though it is, perhaps, too uncharitably interpret. APPEND. ed by the author already mentioned, would furnish, without doubt, just matter of censure, were it founded in truth. I was both surprised and perplexed while I was translating it. I could not procure immediately proper information with respect to the fact, nor could I examine Mosheim's · proofs of this strange assertion, because he al
leged none. Destitute of materials, either to invalidate or confirm the fact, I made a slight mention, in a short note, of a correspondence which had been carried on between Archbishop WAKE and Dr Du Pin, with the particulars of which I was not acquainted ; and, in this my ignorance, only made a general observation, drawn from Dr WAKE's known zeal for the Protestant religion, which was designed, not to confirm that assertion, but rather to insinuate my disbelief of it. It never could come into my head, that the interests
churches, which he had successfully endeavoured to alleviate,
APPEND. of the Protestant religion would have been safe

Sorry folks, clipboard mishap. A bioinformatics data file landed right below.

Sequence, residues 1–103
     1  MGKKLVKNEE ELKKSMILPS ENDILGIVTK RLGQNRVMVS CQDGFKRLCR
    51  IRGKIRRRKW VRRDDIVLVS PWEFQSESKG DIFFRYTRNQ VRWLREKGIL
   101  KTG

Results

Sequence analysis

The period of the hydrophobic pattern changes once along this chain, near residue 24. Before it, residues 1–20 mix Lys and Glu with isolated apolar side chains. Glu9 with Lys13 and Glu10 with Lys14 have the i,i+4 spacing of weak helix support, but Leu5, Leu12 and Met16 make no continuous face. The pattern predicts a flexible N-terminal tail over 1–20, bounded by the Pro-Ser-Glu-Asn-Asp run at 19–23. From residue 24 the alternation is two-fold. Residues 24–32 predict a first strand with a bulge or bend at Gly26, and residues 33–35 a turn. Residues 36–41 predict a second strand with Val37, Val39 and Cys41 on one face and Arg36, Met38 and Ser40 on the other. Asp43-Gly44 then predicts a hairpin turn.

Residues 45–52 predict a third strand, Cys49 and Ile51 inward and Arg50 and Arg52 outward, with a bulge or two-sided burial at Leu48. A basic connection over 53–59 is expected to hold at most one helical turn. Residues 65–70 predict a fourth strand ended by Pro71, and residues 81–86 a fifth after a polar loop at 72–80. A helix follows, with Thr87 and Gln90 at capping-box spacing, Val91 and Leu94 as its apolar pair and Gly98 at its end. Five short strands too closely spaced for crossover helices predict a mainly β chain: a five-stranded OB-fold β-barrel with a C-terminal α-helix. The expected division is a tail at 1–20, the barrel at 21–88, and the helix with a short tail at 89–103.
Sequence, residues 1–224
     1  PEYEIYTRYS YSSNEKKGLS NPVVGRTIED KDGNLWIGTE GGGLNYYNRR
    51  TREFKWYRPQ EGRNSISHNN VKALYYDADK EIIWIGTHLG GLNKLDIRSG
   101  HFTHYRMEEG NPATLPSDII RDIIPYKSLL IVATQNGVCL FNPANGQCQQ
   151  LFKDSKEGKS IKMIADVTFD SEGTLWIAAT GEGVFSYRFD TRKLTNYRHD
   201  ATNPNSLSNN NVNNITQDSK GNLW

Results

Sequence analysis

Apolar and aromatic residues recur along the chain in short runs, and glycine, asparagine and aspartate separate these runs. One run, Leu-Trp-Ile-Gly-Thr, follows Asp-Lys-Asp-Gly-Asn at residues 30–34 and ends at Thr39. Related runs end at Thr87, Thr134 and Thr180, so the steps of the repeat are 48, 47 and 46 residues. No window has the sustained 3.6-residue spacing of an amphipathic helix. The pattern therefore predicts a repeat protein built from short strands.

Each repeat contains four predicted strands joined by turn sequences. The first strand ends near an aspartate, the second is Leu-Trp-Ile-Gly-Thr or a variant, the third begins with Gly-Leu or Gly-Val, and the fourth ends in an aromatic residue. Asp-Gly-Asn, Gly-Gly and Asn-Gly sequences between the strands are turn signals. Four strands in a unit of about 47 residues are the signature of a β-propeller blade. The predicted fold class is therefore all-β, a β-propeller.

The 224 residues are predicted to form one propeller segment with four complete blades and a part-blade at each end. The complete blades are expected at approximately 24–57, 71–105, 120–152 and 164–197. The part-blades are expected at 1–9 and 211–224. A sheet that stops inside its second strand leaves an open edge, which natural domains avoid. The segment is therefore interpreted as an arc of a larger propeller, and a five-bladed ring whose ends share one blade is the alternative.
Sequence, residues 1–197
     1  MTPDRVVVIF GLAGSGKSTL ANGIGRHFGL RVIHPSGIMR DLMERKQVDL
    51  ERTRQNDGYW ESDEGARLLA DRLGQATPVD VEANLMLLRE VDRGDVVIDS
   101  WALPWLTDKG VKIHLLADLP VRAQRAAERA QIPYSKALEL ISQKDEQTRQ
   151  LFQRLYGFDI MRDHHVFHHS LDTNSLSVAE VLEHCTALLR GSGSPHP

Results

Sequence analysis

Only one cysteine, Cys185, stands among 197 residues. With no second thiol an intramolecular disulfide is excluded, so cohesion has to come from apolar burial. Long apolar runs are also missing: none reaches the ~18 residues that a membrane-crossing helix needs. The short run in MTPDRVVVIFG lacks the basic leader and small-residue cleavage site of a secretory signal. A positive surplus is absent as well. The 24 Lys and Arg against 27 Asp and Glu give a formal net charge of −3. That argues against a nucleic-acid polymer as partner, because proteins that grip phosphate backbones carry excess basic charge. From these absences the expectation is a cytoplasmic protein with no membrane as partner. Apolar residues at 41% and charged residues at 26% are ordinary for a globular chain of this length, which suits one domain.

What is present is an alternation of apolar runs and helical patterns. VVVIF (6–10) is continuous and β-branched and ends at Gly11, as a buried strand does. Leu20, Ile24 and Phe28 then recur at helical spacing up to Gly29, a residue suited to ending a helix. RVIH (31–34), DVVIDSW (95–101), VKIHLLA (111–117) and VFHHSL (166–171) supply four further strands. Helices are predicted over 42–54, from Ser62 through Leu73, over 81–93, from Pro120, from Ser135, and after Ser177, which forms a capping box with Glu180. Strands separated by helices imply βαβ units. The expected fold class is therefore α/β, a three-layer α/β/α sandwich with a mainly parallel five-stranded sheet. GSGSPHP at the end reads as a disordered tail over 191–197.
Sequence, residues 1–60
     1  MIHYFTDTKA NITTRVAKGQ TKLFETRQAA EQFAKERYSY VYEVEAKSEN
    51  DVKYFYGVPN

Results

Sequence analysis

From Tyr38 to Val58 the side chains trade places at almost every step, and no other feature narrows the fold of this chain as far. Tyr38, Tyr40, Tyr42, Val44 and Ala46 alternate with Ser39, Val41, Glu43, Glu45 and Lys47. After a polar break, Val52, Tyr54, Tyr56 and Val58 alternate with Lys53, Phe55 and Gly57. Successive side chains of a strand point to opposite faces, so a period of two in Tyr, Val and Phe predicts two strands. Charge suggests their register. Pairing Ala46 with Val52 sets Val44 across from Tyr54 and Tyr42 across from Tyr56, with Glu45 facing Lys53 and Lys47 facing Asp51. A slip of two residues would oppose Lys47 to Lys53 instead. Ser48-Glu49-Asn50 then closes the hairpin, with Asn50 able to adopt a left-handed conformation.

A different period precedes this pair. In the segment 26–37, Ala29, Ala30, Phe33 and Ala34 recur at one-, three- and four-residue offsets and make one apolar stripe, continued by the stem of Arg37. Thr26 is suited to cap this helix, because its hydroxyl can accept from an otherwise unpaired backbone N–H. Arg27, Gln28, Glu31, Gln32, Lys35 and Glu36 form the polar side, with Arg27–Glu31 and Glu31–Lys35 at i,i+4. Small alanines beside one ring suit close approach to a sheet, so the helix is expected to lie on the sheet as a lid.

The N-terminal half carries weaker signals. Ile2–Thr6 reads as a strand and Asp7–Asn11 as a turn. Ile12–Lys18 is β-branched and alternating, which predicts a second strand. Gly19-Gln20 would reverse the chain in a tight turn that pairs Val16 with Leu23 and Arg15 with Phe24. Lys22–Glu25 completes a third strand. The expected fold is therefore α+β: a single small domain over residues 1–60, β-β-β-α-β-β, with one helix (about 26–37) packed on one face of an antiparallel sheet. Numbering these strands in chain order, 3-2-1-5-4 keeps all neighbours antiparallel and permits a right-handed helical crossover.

in Archbishop WAKE's hands, had I given the smallest degree of credit to Dr MOSHEIM's assertion, or even suspected that that eminent prelate was inclined to form a union between the English and Gallican churches, founded on this condition, that each of the two communities should retain the greatest part of their respective and peculiar doctrines. · If the author of the Confessional had given a little more attention to this, he could not have represented me, as confirming the fact alleged by MOSHEIM, much less us giving it, what he is pleased to call the sanction of my approbation. I did not confirm the fact; for I only said there was a correspondence on the subject, without speaking a syllable of the unpleasing condition that forms the charge against Dr WAKE. I shall not enter here into a debate about the grammatical import of my expressions ; as I have something more interesting to present to the reader, who is curious of inforination about Archbishop WAKE's real conduct in relation to the correspondence al. ready mentioned. I have been favoured with authentic copies of the letters which passed in this correspondence, which are now in the hands of Mr BEAUVOUR of Canterbury, the worthy son of the clergyman who was chaplain to Lord Stair in the year 1717, and also with others, from the va. luable collection of manuscripts left by Dr WAKE to the library of Christ's Church College in Oxford. It is from these letters that I have drawn the fol. lowing account, at the end of which copies of them are printed, to serve as proofs of the truth of this relation, which I publish with a disinterested regard to truth. This impartiality may be, in some measure, expected from my situation in life, which has placed me at a distance from the scenes of religious and ecclesiastical contention in England, and cut me off from those personal